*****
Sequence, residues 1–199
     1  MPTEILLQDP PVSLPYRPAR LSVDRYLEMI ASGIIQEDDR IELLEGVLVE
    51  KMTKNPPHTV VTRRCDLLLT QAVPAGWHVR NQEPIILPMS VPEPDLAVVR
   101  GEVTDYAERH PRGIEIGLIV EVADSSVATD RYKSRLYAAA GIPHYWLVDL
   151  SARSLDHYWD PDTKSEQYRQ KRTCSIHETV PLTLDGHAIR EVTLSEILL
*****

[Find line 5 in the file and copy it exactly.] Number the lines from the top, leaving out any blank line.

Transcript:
   151  SARSLDHYWD PDTKSEQYRQ KRTCSIHETV PLTLDGHAIR EVTLSEILL